While many people prefer to remain in one field or industry in order to build up their expertise or experience there are others in the workforce that actually prefer to move around. This may be done for many reasons, perhaps to gain new experience or even out of necessity; whatever the reason may be the result is that many people are now starting brand new jobs in new industries and as such it is important to understand the “landscape” of the industry.
Basically, you need to understand the trends, regulatory realities, what type of mobility will you have when it comes to moving around and growing within the company and what types of issues does your new company or industry face. Most of these you can find the answers to during your interview process; however, be aware of the fact that many prospective employers may not be entirely forthcoming about any professional downsides or the amount of red tape you may end up having to circumvent.
That being said, you can check out insider blogs on websites and trade publications as additional tools to use in order to find this information. You can also try to locate analyst reports; for instance, if you are going into the automotive industry, reading about the macro trends of the industry will likely give you a good view of the possible challenges you may face.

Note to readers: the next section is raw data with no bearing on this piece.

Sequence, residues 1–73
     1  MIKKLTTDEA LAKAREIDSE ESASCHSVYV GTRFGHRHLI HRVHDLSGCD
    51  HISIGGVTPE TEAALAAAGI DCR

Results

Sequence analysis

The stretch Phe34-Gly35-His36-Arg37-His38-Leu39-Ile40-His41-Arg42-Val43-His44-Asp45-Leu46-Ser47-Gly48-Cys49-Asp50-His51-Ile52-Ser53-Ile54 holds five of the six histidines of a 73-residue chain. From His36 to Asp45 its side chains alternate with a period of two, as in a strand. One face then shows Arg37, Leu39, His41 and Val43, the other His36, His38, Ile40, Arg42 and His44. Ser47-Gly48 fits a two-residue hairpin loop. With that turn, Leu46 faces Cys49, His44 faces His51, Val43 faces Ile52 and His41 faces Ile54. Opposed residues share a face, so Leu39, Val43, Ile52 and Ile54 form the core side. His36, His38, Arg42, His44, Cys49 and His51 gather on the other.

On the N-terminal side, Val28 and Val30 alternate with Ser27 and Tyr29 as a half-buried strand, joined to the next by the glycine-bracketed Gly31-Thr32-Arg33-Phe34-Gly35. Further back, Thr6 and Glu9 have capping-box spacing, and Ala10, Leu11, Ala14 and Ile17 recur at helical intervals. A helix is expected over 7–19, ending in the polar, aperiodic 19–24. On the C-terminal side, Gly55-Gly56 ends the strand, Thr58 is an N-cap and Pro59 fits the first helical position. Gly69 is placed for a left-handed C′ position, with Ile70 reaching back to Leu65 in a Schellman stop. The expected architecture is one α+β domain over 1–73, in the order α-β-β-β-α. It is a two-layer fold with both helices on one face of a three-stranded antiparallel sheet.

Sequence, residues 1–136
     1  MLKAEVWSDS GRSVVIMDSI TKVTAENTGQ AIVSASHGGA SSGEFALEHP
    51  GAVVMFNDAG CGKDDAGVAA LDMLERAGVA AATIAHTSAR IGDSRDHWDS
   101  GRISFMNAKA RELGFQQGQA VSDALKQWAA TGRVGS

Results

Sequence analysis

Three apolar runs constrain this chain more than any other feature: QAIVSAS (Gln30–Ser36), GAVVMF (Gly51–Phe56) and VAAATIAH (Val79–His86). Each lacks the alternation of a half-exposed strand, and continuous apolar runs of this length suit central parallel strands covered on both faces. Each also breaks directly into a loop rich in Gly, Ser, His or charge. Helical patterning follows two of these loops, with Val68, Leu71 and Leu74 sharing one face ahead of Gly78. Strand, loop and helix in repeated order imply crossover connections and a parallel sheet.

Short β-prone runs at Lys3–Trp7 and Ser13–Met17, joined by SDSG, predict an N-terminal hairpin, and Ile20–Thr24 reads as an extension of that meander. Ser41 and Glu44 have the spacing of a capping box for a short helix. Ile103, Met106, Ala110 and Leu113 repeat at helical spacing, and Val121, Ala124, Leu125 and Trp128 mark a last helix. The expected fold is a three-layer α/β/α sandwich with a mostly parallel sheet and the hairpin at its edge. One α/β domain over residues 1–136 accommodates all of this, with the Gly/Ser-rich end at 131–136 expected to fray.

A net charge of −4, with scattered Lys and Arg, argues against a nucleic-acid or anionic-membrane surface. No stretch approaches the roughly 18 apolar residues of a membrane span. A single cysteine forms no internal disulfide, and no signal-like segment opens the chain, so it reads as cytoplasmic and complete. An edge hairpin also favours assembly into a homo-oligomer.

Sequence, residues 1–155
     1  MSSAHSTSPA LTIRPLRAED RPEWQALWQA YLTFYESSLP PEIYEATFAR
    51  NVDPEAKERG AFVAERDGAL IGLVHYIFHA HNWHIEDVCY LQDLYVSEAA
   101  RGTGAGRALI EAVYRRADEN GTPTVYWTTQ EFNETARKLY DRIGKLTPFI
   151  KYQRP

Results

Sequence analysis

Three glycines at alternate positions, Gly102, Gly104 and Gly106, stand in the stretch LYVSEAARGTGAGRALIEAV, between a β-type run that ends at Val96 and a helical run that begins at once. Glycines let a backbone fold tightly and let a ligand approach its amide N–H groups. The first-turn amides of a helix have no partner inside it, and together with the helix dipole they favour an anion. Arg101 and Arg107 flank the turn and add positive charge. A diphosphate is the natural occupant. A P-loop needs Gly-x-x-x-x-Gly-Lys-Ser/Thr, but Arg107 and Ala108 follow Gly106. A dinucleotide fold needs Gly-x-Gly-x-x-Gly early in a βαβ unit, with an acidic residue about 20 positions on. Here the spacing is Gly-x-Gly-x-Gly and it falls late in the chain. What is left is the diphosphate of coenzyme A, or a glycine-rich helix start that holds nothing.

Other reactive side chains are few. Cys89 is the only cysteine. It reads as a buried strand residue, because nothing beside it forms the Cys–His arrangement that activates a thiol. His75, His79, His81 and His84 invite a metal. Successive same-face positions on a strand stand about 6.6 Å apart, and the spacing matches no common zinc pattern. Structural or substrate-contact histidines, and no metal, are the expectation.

You also need to know the businesses history, to understand what it has already gone through as it will also give you some idea as to where it is headed. If you start a job at a well known and established company you need to know where it was 50 years ago and what types of turns that it took 5 or 8 years ago as a way of understanding why and where it is going now. On the other hand, if you begin work with a start-up company understanding where they got the original thought it came from will help you to gain more perspective on what kind of market they are trying to fit in or carve out.
One of the first things you should do when starting a new job is to get to know the people that work there; their personal dynamics and egos. Because if you take a company, any company, and switch out the people the entire culture within the company will change, as well as its performance. Understanding the politics within the business is important since people really are inherently selfish and will of course be looking after their own needs first.
The climate and culture of a company makes up its politics and will be the reason that some companies will feel like a better place to work than some others.